Back when I was with T-Mobile (on an old plan long out of contract), my bill went up twenty or thirty cents every couple of months like clockwork, despite the base price never changing. By the time I left them, I was paying well over $50 a month for my $35 plan (which, being an old plan, was 300 minutes a month and no data service). Now I pay $25 a month plus sales tax for a Virgin Mobile plan with 300 minutes and unlimited data, and the price never changes.
If a headhunter is charging *job seekers* money, then it's a scam and you should stay the hell away regardless of any promises they might make. Legit recruiters get paid by the companies they recruit for, not the potential employees.
I'll usually give someone a honk if they do something stupid and dangerous that nearly causes an accident. Most bad drivers will be too oblivious to know (or care) why you honked at them anyway, but there's always a small chance the offender will hear it and think "oh hey, I must have done something dumb there..." and then be more careful in the future. Getting all angry and laying on the horn and cussing at 'em incessantly doesn't do anything useful, though, and just makes you more likely to do something stupid yourself.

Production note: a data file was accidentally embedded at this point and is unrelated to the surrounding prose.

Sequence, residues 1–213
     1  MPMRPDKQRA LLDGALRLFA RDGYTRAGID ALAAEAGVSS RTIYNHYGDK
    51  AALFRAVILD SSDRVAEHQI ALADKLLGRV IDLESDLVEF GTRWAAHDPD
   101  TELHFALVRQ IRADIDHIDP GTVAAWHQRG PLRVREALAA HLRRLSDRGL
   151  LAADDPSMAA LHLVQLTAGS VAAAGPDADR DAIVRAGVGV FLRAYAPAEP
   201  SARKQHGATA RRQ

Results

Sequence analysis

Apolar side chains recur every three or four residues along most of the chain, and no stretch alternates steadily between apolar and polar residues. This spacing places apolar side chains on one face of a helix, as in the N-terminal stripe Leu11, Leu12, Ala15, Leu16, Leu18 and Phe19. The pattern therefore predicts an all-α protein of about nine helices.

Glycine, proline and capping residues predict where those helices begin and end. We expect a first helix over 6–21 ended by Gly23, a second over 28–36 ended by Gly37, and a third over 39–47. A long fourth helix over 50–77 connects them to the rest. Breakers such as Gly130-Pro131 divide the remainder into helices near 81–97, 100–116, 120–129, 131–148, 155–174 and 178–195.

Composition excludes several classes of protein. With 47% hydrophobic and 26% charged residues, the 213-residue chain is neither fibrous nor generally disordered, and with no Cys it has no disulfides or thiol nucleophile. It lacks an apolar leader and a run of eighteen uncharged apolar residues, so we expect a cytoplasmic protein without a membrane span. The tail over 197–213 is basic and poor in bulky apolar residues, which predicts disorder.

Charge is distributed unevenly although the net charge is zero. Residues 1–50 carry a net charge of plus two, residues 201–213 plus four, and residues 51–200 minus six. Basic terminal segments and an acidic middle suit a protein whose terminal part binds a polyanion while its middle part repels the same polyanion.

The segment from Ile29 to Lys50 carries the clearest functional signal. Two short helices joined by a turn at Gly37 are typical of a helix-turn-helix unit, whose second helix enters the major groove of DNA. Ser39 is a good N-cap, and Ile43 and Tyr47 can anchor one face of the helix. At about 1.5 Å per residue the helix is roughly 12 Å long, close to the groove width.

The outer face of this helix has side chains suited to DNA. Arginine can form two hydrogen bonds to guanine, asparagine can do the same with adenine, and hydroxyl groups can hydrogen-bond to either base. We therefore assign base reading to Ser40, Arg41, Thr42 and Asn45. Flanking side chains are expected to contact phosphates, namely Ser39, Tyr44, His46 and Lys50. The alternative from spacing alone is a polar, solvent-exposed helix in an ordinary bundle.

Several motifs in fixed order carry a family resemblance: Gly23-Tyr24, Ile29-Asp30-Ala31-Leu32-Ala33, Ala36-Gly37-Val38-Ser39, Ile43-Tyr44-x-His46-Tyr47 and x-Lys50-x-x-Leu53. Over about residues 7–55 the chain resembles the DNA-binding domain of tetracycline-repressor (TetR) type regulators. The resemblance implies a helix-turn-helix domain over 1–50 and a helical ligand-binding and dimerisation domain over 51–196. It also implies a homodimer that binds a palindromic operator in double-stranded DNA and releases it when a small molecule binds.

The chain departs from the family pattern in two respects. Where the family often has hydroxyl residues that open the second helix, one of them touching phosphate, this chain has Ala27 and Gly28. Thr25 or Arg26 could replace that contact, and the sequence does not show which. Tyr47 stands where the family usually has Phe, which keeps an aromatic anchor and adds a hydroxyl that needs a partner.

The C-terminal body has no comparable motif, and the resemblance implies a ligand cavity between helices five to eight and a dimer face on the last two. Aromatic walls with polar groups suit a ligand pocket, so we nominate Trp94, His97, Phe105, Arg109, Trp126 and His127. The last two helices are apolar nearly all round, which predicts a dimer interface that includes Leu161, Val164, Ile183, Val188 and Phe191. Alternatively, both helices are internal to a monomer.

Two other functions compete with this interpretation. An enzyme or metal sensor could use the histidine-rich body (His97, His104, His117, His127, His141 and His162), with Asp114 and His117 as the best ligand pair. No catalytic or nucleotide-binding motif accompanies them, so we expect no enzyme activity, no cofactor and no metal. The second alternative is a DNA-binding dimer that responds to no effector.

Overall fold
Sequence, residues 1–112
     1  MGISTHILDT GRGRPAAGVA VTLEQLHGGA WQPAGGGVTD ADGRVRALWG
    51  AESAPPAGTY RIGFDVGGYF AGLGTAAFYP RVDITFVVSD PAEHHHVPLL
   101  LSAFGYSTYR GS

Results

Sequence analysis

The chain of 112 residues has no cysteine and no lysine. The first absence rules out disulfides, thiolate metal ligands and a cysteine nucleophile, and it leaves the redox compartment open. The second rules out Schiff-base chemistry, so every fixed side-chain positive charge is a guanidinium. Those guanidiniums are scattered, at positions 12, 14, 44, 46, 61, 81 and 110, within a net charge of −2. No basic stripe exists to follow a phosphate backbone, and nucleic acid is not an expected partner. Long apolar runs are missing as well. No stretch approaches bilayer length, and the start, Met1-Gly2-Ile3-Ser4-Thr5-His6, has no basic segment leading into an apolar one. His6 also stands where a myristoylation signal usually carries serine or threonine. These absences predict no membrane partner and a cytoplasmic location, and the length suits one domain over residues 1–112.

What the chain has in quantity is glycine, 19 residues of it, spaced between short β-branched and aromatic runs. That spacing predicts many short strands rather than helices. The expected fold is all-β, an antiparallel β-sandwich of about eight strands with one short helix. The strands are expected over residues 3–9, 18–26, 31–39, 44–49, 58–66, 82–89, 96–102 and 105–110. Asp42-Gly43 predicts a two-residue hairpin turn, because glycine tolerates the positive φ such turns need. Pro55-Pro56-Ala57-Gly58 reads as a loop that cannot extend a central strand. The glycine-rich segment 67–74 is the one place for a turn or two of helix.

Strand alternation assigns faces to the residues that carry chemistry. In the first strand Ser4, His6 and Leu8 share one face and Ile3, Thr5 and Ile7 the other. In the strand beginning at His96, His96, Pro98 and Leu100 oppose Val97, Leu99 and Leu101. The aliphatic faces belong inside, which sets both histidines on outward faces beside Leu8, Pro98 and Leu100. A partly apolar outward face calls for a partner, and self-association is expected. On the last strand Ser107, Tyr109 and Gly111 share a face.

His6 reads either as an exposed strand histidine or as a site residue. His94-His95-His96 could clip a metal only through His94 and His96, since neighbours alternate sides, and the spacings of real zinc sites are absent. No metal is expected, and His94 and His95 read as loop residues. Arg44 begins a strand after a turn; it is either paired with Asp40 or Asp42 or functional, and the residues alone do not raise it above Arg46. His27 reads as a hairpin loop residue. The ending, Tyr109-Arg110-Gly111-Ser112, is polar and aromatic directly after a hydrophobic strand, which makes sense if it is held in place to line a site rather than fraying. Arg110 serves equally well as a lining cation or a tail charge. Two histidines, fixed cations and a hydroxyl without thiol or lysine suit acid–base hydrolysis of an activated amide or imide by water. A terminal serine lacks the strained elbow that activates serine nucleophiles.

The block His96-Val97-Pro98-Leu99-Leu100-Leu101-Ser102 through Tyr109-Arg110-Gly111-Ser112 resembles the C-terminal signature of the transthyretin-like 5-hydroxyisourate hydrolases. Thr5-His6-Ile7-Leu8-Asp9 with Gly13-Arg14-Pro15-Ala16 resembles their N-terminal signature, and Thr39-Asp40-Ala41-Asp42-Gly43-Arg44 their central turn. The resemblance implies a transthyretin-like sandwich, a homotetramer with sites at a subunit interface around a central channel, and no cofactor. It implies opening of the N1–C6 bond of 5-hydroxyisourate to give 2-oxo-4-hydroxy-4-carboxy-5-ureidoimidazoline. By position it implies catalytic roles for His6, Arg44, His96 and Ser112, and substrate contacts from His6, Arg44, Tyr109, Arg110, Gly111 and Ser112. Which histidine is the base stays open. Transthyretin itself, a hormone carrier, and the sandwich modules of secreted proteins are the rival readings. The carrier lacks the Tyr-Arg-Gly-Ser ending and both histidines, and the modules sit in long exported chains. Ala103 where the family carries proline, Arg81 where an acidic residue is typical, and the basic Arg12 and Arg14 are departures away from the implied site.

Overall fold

I used to work for a web hosting company, and it was amazing how many of our clients would submit support tickets demanding that we make their $15/mo shared web hosting accounts PCI compliant. We even had some actual *banks* hosting their web sites on our cheap shared accounts. I suspect a lot of the problem was that these customers had no IT staff or knowledge and didn't understand that their requests were ridiculous or what a terrible idea it was to store unencrypted financial data on a third party shared hosting platform. (Unfortunately, since we'd gotten out of the dedicated server business and only sold shared hosting, we weren't even supposed to tell these poor folks that it was a terrible idea and they really needed a dedicated self-managed system of some sort at a minimum, since that would mean we'd lose their account.)
There is little or no profit in selling sub-$10 hosting accounts. Your cheap hosting is subsidized by upselling other high-margin services, especially advertising services, to hosting customers, and often by monetizing your site itself. (Have you checked your site's default HTTP error pages lately? Odds are good that they're full of targeted ads based on your domain name.) If those revenue sources become less profitable, your hosting costs will eventually go up (or your hosting company will go out of business).